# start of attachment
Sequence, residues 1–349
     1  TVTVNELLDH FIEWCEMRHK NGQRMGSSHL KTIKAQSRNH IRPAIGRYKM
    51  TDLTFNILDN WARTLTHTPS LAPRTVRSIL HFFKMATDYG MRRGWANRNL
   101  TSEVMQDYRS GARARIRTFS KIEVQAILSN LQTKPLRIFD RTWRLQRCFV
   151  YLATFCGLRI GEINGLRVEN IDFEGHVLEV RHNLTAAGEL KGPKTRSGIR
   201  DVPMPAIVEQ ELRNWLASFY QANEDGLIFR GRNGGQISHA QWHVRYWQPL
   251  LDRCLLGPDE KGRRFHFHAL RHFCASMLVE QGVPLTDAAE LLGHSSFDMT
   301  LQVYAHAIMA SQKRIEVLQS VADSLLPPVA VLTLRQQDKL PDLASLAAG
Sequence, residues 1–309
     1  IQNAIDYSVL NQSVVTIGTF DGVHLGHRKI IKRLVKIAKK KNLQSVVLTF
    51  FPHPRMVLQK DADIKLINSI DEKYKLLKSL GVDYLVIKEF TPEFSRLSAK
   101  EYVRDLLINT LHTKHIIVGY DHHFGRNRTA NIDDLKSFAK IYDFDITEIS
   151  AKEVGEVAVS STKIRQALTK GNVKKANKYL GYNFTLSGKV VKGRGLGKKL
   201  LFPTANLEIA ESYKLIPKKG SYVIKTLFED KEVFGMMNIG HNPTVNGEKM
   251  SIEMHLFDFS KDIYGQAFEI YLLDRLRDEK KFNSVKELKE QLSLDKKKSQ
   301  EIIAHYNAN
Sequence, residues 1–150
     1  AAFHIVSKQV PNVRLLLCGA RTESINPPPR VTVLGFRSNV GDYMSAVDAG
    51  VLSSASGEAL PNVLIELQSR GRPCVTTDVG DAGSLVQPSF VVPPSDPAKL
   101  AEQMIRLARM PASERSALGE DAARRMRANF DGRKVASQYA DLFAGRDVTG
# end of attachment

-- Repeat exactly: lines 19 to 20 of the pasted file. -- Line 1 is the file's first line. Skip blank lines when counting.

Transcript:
    51  VLSSASGEAL PNVLIELQSR GRPCVTTDVG DAGSLVQPSF VVPPSDPAKL
   101  AEQMIRLARM PASERSALGE DAARRMRANF DGRKVASQYA DLFAGRDVTG